Media Moves

Coverage: The buzz about BuzzFeed

August 13, 2014

Posted by Liz Hester

BuzzFeed has long been a media darling with its easily digestible and clever lists covering the news and entertainment. With the announcement it is receiving a venture capital investment of $50 million, which values the company at $850 million, more than the Washington Post.

Writing for The New York Times, Claire Cain Miller had a follow-up story about why BuzzFeed is shifting its strategy:

While many people now find their news on Facebook, it’s easy to forget that very recently they found it on Google, and will surely find it somewhere else in the not-too-distant future. The danger for media companies, then, is to focus too much on how stories are delivered and too little on what the stories say.

BuzzFeed has been clear about its strategy: Publish items that people want to share on social media. It called Facebook the “new ‘front page’ for the Internet.” The strategy appears to be working. BuzzFeed’s new $50 million investment values the online media company at $850 million — one year after Jeff Bezos bought The Washington Post for $250 million.

Yet just a few years ago, readers were finding their news on search engines, and Google was said to be the new front page. That trend also spawned companies, like Demand Media and Huffington Post, which publish articles based on popular searches.

Here are data from a slice of the Internet — the 350,000 websites in the Shareaholic network, which gets 400 million unique visitors a month — that illustrate the shift. Last summer, 40 percent of traffic came from search engines and 14 percent came from social networks. This summer, about 29 percent of traffic comes from each.

As consumers shift to finding information via their social networks – meaning they’re not as active in seeking it for themselves – traditional media companies need to figure out how to take advantage of the changes.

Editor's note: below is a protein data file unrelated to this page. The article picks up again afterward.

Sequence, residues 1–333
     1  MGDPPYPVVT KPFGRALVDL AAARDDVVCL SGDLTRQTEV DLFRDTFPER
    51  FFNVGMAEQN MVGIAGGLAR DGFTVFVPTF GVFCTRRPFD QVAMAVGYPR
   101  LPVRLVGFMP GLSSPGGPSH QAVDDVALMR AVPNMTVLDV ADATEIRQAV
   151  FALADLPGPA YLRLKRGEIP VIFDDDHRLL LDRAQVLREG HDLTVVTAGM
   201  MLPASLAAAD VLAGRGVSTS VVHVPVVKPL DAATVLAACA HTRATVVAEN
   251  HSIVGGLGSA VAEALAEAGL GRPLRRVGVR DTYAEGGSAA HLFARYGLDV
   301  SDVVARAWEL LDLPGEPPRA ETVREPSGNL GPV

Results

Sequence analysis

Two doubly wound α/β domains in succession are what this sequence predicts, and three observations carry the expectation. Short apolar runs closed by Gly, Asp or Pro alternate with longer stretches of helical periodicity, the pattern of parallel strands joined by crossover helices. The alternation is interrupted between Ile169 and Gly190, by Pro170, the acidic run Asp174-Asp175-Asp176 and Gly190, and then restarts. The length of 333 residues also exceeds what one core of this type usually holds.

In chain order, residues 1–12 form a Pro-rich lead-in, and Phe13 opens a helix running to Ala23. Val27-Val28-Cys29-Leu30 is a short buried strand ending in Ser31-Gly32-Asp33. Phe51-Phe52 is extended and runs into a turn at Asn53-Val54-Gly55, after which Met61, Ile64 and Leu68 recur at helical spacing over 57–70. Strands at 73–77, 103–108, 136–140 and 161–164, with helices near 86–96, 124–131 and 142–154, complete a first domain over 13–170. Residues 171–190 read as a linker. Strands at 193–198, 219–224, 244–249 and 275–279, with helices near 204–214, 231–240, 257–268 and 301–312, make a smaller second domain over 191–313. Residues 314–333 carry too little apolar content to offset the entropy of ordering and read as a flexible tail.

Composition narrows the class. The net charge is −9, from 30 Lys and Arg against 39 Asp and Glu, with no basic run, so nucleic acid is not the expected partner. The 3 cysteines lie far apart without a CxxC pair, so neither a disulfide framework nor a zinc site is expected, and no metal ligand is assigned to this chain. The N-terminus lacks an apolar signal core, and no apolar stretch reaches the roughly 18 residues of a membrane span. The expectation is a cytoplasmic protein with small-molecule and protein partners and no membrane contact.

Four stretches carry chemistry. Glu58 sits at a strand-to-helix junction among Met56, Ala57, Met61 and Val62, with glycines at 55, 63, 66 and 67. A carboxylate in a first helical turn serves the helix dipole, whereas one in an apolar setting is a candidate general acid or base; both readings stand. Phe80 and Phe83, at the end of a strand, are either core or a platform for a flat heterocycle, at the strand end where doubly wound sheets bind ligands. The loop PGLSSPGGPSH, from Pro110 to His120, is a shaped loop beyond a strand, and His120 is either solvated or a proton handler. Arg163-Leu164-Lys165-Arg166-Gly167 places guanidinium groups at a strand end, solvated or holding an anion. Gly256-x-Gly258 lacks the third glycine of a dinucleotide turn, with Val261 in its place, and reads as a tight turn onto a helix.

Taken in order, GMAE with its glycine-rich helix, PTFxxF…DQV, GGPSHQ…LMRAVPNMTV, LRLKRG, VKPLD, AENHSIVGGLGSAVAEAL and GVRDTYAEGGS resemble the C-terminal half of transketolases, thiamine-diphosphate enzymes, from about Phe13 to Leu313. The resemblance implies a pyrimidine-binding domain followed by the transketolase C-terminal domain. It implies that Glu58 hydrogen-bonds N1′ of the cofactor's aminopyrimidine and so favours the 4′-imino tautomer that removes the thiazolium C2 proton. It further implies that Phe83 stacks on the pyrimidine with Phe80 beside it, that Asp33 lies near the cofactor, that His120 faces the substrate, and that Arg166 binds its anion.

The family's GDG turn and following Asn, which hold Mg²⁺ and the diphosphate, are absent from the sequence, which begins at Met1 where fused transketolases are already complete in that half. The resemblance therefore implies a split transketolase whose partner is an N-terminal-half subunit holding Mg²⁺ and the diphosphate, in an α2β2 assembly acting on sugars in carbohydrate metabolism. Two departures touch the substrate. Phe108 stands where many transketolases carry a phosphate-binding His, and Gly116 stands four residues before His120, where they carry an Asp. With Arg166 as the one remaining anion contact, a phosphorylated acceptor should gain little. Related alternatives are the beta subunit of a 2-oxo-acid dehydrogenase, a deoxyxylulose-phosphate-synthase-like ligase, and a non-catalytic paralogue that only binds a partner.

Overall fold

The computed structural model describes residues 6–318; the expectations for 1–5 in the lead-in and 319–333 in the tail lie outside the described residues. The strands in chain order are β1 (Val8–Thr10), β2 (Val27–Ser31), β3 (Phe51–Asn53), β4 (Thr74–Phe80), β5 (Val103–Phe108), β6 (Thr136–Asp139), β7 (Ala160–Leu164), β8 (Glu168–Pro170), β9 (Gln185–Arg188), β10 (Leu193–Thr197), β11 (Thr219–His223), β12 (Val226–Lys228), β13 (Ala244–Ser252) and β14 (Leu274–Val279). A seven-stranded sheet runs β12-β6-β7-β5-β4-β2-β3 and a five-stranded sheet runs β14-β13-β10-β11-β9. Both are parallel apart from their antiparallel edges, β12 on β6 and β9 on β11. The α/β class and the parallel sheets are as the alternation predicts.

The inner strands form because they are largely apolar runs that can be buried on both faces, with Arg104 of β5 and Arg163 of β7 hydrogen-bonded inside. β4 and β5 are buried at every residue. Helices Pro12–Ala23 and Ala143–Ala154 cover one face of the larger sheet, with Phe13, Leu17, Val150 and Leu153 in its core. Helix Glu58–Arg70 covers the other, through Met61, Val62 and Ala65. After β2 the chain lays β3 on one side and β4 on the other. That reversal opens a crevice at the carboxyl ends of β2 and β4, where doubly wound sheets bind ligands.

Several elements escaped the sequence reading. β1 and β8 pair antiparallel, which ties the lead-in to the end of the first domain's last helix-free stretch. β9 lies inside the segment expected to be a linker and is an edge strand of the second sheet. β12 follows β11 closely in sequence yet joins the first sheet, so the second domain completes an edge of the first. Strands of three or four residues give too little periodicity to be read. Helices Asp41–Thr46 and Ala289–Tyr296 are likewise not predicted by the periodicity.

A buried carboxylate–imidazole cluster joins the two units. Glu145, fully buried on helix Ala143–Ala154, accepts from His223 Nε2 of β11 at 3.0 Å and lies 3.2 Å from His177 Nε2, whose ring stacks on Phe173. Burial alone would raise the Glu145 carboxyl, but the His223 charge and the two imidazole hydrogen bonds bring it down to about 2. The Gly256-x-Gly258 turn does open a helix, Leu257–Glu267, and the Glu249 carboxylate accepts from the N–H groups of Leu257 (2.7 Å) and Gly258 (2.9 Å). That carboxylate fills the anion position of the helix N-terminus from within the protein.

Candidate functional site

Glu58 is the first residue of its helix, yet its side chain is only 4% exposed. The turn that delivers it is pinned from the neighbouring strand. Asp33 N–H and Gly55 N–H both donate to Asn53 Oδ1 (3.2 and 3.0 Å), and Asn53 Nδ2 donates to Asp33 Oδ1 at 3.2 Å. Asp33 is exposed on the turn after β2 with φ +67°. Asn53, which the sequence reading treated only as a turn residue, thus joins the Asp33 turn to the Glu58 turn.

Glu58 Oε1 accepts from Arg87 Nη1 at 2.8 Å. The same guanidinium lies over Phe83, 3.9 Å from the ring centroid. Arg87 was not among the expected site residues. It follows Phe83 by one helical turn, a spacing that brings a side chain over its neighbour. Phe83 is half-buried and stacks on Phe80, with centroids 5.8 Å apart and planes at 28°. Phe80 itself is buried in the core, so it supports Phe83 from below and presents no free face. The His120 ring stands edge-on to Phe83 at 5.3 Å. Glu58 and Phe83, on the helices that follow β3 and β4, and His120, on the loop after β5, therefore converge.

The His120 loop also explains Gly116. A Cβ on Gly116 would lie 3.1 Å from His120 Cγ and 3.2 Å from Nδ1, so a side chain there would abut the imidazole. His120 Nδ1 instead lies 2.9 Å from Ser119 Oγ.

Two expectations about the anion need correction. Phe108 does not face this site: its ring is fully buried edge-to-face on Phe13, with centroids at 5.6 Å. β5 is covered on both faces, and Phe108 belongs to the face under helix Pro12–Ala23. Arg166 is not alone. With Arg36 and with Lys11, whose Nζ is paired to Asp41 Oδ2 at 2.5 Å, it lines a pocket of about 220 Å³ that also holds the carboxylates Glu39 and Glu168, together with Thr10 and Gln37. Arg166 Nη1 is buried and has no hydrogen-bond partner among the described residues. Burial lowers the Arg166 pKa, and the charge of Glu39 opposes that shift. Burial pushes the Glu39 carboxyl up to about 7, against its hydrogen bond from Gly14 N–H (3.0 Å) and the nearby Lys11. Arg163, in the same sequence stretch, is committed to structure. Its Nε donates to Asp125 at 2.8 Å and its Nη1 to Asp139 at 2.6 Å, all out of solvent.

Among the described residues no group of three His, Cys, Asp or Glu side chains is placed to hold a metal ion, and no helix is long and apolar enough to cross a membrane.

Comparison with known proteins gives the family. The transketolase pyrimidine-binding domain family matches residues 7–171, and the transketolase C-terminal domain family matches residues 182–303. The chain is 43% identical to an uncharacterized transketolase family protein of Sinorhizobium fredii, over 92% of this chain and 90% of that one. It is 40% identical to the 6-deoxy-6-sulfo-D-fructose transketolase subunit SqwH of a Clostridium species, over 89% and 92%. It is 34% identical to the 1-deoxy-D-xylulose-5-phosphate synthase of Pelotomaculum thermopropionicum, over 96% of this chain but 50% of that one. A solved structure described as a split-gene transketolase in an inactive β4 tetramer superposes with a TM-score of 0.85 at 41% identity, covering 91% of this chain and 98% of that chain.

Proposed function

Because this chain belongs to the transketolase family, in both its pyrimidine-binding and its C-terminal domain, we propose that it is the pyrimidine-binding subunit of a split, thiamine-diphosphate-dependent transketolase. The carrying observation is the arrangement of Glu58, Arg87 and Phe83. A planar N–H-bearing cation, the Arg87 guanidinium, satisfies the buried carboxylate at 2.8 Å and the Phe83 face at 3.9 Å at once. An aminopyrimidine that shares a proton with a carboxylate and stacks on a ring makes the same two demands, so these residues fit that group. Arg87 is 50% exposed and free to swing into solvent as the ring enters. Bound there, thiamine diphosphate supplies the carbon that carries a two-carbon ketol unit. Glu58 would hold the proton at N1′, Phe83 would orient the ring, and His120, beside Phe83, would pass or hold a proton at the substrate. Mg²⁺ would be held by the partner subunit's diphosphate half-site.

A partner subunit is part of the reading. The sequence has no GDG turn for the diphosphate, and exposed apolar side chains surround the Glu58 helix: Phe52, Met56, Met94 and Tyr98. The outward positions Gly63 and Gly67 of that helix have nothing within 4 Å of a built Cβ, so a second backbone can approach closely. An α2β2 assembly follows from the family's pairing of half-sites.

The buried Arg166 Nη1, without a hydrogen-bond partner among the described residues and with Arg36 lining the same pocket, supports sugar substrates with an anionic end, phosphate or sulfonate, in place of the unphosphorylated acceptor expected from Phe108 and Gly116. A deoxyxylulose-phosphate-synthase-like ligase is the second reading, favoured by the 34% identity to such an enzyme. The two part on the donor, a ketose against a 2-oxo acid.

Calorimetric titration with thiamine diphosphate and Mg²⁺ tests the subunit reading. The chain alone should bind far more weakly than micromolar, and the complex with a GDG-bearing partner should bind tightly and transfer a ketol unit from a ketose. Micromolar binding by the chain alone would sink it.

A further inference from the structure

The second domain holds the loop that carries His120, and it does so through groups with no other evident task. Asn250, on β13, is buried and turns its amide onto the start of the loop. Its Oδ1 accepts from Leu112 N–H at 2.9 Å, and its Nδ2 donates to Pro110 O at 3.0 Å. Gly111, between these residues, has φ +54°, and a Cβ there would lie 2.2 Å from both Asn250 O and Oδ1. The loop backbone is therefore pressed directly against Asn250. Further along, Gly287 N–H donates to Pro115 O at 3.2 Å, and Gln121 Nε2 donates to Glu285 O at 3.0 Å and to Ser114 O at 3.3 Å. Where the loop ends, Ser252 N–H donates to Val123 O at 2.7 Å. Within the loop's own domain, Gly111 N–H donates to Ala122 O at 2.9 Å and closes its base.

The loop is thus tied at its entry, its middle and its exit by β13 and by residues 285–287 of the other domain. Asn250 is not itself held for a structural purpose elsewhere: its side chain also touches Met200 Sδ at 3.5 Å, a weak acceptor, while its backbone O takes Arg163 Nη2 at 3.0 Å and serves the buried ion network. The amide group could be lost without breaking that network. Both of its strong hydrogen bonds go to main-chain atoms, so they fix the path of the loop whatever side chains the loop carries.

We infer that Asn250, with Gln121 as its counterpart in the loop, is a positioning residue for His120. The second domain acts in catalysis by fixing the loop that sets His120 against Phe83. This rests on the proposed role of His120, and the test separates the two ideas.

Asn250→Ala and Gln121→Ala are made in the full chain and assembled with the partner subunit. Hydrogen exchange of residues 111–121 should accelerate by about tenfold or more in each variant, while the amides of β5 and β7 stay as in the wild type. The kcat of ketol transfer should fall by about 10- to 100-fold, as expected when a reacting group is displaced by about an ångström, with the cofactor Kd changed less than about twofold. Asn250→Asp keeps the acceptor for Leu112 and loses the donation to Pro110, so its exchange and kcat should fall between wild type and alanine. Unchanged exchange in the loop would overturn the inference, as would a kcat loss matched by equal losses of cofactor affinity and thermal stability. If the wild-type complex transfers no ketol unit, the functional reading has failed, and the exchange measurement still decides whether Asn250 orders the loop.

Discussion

Elena Cresci had a photo-filled list of reasons for BuzzFeed’s success for The Guardian that made several good points (I deleted the pictures):

A whopping 75% of BuzzFeed’s traffic comes from social media.

7. So they know exactly how to target social networks

How do you get Twitter to pay attention to you? You write about Twitter, of course. “The 29 stages of a Twitterstorm” is a classic example.

8. … especially Pinterest

As far as social traffic is concerned, Facebook is where it’s at. But BuzzFeed’s second biggest source of social traffic comes from Pinterest, a social network linked more with life and style content rather than news.

9. They’re pretty good at video too

BuzzFeedVideo has more than 2m subscribers on YouTube.

Not too bad. Bloomberg’s Caitlin McCabe reported the company is backed by a lot of big names in media and plans on aggressive expansion:

Andreessen Horowitz joins BuzzFeed investors Hearst Corp., SoftBank Corp. and New Enterprise Associates in wagering that the site can rank among the titans of media. BuzzFeed uses technology to help come up with ideas for articles that will attract readers, and it has connected with advertisers because it creates sponsored stories for their brands — promoting Pepsi, for example, with animated images about staying cool in the summer.